The message of Christ has always been consistent with the desire to benefit all mankind, not just the church. We were blessed to be a blessing. The problem is that many who have attached their names to Christianity have obscured or contradicted that message. Gandhi, while without excuse in rejecting Christ, was not able to see beyond the inconsistent behavior and attitudes of His avowed adherents. It didn’t have to be that way.
Albert Einstein reportedly wrote a letter to Martin Niemoller at the end of WW II in which he stated, “Having always been an ardent partisan of freedom I turned to the Universities, as soon as the revolution broke out in Germany, to find the Universities took refuge in silence. I then turned to the editors of powerful newspapers, who, but lately in flowing articles, had claimed to be the faithful champions of liberty. These men, as well as the Universities, were reduced to silence in a few weeks. I then addressed myself to the authors individually, to those who passed themselves off as the intellectual guides of Germany, and among whom many had frequently discussed the question of freedom and its place in modern life. They are in turn very dumb. Only the church opposed the fight which Hitler was waging against liberty. Till then I had no interest in the church, but now I feel great admiration and am truly attracted to the church which had the persistent courage to fight for spiritual truth and moral freedom. I feel obliged to confess that I now admire what I used to consider of little value.”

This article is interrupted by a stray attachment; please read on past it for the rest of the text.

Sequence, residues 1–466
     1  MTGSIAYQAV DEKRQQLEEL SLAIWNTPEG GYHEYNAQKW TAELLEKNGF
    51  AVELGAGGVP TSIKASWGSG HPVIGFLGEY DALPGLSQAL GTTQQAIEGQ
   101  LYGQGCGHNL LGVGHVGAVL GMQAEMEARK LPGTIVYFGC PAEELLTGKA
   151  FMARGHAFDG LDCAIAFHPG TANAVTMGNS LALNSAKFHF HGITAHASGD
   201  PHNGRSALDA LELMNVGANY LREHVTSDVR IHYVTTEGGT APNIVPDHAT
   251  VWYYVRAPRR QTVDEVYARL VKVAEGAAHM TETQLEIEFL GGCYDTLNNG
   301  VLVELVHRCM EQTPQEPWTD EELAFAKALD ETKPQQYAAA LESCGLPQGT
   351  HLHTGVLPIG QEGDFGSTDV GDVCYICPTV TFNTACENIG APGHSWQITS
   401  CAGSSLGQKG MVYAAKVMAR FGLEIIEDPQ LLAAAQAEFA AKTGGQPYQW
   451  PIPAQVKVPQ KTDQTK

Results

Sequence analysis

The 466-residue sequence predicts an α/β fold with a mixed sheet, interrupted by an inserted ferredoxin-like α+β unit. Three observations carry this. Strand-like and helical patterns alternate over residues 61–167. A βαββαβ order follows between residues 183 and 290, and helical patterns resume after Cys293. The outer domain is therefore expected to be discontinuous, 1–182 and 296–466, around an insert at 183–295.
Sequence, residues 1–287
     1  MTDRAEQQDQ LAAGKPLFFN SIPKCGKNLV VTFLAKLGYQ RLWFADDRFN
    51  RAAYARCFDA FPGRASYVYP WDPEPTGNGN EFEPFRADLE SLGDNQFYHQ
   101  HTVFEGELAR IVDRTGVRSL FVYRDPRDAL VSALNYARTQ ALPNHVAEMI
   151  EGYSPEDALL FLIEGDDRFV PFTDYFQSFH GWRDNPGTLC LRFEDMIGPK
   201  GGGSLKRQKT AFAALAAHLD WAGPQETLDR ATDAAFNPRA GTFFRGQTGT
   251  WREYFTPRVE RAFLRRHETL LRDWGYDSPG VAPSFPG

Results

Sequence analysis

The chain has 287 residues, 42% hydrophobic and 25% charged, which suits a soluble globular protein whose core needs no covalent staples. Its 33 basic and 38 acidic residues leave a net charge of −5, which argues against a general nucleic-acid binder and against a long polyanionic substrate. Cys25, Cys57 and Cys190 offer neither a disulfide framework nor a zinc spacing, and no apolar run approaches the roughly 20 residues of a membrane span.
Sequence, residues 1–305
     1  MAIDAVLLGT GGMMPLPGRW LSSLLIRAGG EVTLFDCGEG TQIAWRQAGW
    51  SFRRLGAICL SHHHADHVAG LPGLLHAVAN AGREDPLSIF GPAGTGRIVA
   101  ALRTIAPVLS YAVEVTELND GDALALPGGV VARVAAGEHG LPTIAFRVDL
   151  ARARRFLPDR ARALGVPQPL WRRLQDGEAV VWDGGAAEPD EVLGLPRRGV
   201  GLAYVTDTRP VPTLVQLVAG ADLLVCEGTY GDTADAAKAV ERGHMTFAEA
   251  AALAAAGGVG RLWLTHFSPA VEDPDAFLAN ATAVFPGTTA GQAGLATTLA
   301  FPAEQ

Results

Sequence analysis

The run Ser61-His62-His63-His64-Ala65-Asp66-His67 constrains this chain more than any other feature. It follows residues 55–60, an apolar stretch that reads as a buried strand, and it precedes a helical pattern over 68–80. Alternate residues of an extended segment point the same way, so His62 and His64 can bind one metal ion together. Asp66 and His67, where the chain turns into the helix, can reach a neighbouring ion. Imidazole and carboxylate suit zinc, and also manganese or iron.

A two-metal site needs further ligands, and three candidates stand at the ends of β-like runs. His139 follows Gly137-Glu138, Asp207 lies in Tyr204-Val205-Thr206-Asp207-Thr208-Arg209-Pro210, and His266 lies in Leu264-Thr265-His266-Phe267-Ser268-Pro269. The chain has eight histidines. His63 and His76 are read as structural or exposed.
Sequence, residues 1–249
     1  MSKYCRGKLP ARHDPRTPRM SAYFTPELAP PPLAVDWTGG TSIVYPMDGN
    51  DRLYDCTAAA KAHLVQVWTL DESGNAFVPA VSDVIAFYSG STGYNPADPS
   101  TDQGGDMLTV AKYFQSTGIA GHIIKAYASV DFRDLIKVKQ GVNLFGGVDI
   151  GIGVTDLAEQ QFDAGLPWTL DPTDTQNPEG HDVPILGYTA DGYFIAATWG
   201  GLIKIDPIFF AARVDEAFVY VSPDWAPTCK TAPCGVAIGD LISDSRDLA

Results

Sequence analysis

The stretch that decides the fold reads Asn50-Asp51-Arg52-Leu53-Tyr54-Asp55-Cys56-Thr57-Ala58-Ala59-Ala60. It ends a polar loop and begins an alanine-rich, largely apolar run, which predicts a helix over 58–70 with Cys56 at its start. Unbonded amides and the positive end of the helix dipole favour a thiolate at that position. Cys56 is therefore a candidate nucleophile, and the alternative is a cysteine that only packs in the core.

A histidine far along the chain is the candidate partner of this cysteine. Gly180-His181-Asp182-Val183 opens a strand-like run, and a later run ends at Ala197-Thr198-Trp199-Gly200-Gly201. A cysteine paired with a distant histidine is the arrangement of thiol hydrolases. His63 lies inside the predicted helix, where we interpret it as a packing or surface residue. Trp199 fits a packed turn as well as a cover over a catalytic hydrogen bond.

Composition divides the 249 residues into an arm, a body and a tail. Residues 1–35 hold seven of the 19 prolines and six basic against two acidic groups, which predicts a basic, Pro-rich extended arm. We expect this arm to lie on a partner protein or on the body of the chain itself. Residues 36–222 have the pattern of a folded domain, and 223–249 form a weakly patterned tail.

Perhaps Gandhi too would have reconsidered the claims of Christ had he not witnessed, first hand, the exploitation of his people at the hands of those who, on the surface at least, claimed to be a Christian country. What could’ve happened if Great Britain had chosen to be champions of spiritual truth and moral freedom instead of being simply a capitalist country using India to serve its own ends? In turn, how many people and countries and cultures, throughout history, have missed seeing Christ because their view was obscured by those who claimed to be His followers. My feeling when thinking about Gandhi is one of profound sadness. I feel sadness in our failure to live like Christ and in Gandhi’s inability to see Christ. But, to make it personal, I wonder how many people I have affected in the same way? Would they have any reason to say they couldn’t see Christ because of me? When I seriously think about it, the answer is - yes. May God forgive me.